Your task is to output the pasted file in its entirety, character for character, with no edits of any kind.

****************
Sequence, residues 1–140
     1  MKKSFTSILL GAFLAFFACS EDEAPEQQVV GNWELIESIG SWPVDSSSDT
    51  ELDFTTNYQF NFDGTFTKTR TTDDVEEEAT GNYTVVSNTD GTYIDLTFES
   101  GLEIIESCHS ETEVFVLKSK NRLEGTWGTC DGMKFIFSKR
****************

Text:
Sequence, residues 1–140
     1  MKKSFTSILL GAFLAFFACS EDEAPEQQVV GNWELIESIG SWPVDSSSDT
    51  ELDFTTNYQF NFDGTFTKTR TTDDVEEEAT GNYTVVSNTD GTYIDLTFES
   101  GLEIIESCHS ETEVFVLKSK NRLEGTWGTC DGMKFIFSKR